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Discussion Starter #1
Hi all,

This has been quite the month for the front end of my Cayman. Back in October, my local indie shop noted "minor play in the front lower control arm bushings," and advised replacement before doing any "track or spirited driving." I've since noticed a slowly increasing amount of vibration in the steering wheel at highway speeds. While it isn't extreme (I'd give it a 4/10), it is definitely present at speeds greater than 55mph. I'm not hearing any creaking from the suspension, nor is there any vibration at low speeds.

After some forum research, it sounds like these cars are extremely sensitive to wheel and tire balance. The car has been into the shop several times for unrelated issues, and they've re-examined the front LCAs on each visit. However, they haven't mentioned any additional degradation of those components (i.e. nothing warranting immediate replacement) on any of those subsequent visits. The car has been driven somewhere between 1000-1500 miles between October and this month.

Additionally, my front rotors appear to be in need of replacement in the near future. They seem to rust excessively, and appear to be mildly warped as well (some brake pedal pulsing on heavier deceleration, though this is often as a result of rust being scrubbed off of the rotors by the pads). Finally, my tires are about due for replacement.

It seems to me like it may be difficult to pinpoint which of these issues (if any) is causing the steering wheel vibration, as they all seem to be potential contributors. Where would you start? My initial thought was to begin with tires as those are needed regardless, and then proceed to the brakes, which I can likely replace myself. I'd likely take the car to my indie shop for the LCA replacement, as I'm not quite sure that I trust myself to sort that one out just yet.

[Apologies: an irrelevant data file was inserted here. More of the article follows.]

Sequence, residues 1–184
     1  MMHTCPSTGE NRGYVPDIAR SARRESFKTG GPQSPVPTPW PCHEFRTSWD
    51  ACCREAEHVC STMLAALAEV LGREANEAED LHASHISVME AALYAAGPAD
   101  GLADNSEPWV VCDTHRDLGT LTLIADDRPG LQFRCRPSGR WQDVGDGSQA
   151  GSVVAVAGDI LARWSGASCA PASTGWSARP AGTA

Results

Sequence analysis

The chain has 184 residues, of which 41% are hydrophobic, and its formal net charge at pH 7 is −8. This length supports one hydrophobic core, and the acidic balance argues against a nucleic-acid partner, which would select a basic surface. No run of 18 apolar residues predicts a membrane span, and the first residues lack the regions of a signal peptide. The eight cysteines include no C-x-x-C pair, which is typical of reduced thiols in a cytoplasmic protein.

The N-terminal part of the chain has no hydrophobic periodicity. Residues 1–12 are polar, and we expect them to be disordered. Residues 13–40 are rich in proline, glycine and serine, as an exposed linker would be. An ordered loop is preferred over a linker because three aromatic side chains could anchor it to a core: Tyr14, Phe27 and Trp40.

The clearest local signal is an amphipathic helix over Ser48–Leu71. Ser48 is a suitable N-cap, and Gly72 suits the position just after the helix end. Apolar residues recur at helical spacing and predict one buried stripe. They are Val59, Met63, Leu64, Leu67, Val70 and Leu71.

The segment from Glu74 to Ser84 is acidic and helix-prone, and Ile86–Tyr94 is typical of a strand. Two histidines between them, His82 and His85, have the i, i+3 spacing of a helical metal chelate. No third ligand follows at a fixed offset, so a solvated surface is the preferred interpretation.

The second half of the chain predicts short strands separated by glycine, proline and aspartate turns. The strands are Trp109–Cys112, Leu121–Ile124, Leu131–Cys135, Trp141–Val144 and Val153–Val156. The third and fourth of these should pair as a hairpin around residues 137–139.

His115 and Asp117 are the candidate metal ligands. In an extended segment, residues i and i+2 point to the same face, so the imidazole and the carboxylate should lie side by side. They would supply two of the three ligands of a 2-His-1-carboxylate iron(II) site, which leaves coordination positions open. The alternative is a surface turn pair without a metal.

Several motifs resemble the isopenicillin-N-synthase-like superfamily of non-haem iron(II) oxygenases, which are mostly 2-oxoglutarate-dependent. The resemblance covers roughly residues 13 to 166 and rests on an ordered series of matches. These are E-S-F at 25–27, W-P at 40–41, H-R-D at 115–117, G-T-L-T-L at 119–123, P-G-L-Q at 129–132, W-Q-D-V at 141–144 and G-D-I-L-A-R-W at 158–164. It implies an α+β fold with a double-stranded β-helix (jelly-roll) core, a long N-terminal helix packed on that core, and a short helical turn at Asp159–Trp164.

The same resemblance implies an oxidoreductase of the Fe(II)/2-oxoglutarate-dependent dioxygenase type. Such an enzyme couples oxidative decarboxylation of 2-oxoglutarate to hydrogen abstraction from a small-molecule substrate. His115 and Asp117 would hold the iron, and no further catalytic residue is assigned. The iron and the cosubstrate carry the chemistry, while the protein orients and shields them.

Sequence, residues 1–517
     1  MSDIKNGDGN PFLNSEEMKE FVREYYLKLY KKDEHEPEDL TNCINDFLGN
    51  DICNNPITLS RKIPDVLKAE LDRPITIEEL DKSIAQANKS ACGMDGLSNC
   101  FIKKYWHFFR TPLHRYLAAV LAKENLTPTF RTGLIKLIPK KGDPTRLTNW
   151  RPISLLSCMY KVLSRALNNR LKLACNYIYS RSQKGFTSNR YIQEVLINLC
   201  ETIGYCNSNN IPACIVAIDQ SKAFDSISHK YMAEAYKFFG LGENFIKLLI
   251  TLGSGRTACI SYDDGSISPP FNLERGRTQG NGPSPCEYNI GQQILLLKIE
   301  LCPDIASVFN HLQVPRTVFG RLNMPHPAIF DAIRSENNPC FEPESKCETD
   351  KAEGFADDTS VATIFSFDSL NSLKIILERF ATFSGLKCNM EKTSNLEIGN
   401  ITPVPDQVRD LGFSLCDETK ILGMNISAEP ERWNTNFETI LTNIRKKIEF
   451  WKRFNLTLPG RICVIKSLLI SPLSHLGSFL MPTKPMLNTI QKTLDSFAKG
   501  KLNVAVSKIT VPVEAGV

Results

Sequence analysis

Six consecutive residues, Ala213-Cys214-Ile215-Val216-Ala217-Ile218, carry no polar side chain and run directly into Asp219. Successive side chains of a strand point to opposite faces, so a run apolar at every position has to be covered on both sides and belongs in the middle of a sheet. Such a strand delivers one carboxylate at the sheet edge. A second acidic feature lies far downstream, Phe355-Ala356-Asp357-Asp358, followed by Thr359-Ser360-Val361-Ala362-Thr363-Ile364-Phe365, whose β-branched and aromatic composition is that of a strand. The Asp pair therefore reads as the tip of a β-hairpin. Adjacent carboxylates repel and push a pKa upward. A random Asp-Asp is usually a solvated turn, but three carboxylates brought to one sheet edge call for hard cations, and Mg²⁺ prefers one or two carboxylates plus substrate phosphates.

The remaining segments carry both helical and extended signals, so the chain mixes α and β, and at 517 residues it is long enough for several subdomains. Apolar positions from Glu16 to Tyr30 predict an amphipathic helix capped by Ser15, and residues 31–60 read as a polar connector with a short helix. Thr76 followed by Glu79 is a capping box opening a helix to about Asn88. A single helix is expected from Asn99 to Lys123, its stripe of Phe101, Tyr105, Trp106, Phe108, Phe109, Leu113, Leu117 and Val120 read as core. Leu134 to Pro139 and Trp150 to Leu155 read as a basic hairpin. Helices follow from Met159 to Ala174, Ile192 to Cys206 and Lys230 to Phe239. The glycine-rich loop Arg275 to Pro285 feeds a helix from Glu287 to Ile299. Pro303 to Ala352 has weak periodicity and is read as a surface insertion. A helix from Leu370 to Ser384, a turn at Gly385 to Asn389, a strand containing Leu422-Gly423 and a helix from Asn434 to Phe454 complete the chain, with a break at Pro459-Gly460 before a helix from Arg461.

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I'd start with cheapest first. Inspect your tires for abnormal wear patterns, if you don't see any that's a good sign that you probably don't have a significant suspension issue.

Second, have the tires rebalanced, or since you need to replace them anyway, go ahead and do that. The weights they have been using over the past half-dozen years or so do not stick very well. I lost and entire strip a couple weeks after purchasing new tires with the car just sitting in the garage. If the tires get good an hot with a spirited drive, you have a really good chance of throwing them. I have to put aluminum tape on my track wheels to keep the weights on.

Light brake rotor rust is not a big issue. I get it after washing, and it gets cleaned off with a few good applications of the brake pedal. I recommend you do an occasional brake pad bedding-in procedure to help mate the pads and brakes, especially if you just use it around town and don't really get on the brakes very often. This will also help reduce brake squealing.